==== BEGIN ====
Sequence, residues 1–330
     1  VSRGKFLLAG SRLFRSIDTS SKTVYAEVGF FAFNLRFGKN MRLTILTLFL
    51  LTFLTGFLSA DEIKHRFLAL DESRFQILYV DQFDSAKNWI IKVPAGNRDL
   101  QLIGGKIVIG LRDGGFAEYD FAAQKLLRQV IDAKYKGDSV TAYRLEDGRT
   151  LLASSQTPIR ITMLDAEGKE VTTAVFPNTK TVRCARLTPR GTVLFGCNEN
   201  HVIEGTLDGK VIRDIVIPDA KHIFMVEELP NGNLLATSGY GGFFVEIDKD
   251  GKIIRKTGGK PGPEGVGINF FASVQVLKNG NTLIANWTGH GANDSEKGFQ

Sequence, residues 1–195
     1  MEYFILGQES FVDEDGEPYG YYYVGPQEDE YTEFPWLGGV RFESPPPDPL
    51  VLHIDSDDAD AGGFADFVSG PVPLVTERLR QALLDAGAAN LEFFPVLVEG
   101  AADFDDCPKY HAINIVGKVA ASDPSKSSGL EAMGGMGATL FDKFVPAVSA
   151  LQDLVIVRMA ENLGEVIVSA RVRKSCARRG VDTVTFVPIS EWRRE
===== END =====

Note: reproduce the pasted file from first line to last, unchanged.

Sequence, residues 1–330
     1  VSRGKFLLAG SRLFRSIDTS SKTVYAEVGF FAFNLRFGKN MRLTILTLFL
    51  LTFLTGFLSA DEIKHRFLAL DESRFQILYV DQFDSAKNWI IKVPAGNRDL
   101  QLIGGKIVIG LRDGGFAEYD FAAQKLLRQV IDAKYKGDSV TAYRLEDGRT
   151  LLASSQTPIR ITMLDAEGKE VTTAVFPNTK TVRCARLTPR GTVLFGCNEN
   201  HVIEGTLDGK VIRDIVIPDA KHIFMVEELP NGNLLATSGY GGFFVEIDKD
   251  GKIIRKTGGK PGPEGVGINF FASVQVLKNG NTLIANWTGH GANDSEKGFQ

Sequence, residues 1–195
     1  MEYFILGQES FVDEDGEPYG YYYVGPQEDE YTEFPWLGGV RFESPPPDPL
    51  VLHIDSDDAD AGGFADFVSG PVPLVTERLR QALLDAGAAN LEFFPVLVEG
   101  AADFDDCPKY HAINIVGKVA ASDPSKSSGL EAMGGMGATL FDKFVPAVSA
   151  LQDLVIVRMA ENLGEVIVSA RVRKSCARRG VDTVTFVPIS EWRRE